For several years now, we have focused on bringing greater diversity to the company, especially in leadership positions, and have dramatically increased the number of women and minorities in both senior management and our business units. Our compensation practice is that men and women receive equal pay for equal work. As you have heard, we have appointed Jen Onil and Mike Ibarra as the new co-heads of Blizzard, and I am so pleased that Blizzard’s original founder, Allen Adham, who returned to the company a few years ago, continues to lead our work. projects. We have great leadership at Blizzard and are very excited about the new direction the company is taking.

The response did not confirm some of the more serious allegations in the now public trial, such as “booth crawling” Bill Cosby Suiteas well as behavior that reportedly led to the suicide of one employee after a work trip with her supervisor. The mention of new full-time employees can lead to positive change, although the changes needed to address all documented allegations will take time to be successfully implemented.

Andrew Werkwitz, a Jefferies analyst, added a similar question when asking a question about morale in relation to the allegations made public. He said, “I’m curious how Mike and Jen are planning to rekindle the pride that Blizzard was known for … When you listen to everyone’s stories and experiences and make the necessary changes, it won’t affect production in the future.” It is worth noting that Urkwitz asked about this after several statements were made that the production was not affected.

Onal, Executive Vice President and Co-CEO of Blizzard, responded:

Firstly, nothing is more important to me than our people. And I know that Mike Ibarra, who leads Blizzard with me, feels the same way. Since joining the studio earlier in the year, I’ve been fortunate enough to work closely with the Diablo and Overwatch teams. I see a lot of progress in Overwatch 2 and a lot of games in the Diablo universe. I am constantly inspired by our talented teams, their creative vision, their desire to put gameplay first. Our people are passionate about our games. They understand our players, and in many cases they come from the gaming communities themselves and naturally strive to serve them.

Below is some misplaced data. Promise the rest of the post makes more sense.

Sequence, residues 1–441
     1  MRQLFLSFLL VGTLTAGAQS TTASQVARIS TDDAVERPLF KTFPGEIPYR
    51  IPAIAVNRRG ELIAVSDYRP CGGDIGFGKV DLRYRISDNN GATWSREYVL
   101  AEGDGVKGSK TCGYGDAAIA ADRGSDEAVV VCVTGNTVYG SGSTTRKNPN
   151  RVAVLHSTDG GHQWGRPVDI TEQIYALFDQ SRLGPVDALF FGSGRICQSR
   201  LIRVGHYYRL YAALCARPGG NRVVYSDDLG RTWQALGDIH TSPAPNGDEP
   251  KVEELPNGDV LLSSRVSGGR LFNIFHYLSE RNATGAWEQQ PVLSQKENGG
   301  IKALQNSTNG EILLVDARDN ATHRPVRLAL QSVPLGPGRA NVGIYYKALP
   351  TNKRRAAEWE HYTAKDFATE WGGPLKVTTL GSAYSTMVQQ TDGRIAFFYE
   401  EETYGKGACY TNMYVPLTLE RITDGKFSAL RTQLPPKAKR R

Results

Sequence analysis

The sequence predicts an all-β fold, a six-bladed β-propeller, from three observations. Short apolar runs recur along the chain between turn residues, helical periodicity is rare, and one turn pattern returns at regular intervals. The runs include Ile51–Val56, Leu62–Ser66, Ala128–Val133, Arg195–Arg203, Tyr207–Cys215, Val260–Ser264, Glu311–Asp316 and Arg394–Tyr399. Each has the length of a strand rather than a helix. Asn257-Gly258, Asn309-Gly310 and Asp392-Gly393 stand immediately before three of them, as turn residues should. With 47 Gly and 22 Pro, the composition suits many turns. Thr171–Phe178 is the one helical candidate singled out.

And as Bobby and Daniel mentioned, we are expanding these teams. We’re doubling our developer recruitment as we expand the scale and vision of our franchises. When we get together, we make some of the best games in the industry. And now we see that energy is applicable to our culture, which is equally important. We have a lot of work ahead of us, but the enthusiasm and productivity are already here. And when our people feel safe and supported, everything else will take care of itself.

The now-former President J. Allen Brack, who was among those directly named in the lawsuit regarding his alleged toxicity role at the center of current conversations, added: “Our developers’ passion for innovation and creativity is what makes Blizzard great. … This is why we have managed to create so many great games in 30 years. And that has always been a vision from the very beginning. I look forward to our future in terms of what we create together, in terms of creating a new culture and reviving this spirit. We know a lot about this, but our new game pipeline has been in development for many years. And he’s better than ever in our core franchises and mobile, new IPs and new genres. I “I’m looking forward to our teams launching their already announced new games in the near future and announcing several new ones that you haven’t heard of yet.”

The conversation eventually ended and coincided with a regular meeting with investors.s themes. However, investor response from a mega-publisher like Activision is a key component of how effective change can be implemented, so this investor call Deserves attention.

In addition, several shareholders have filed a class action lawsuit against Activision Blizzard, citing the current talk “damaging economically” potential future profits. Unfortunately, this verbiage is the language of many, and money speaks to a publisher like Activision. You can see the complete legal documentation files on the right here to learn more about the class action proposal.

In particular, the call also included news that Diablo II has been pushed back to a new projected release window set for the first half of 2022. Activision Blizzard has also confirmed that more of Overwatch 2 will be “revealed soon” and confirmed that the development of the sequel has passed “an important internal milestone”, although details of this milestone were not disclosed.

In related news, Kitty released a statement last week addressing the concerns but apparently bypassing the requirements listed in a public letter to management. This letter was followed by a massive strike by Blizzard employees, which was supported by an open letter from Ubisoft employees who faced similar cases highlighted in a lawsuit in California.

To learn more about the ongoing litigation, including the details listed in the lawsuit against Activision Blizzard, check out our previous review here.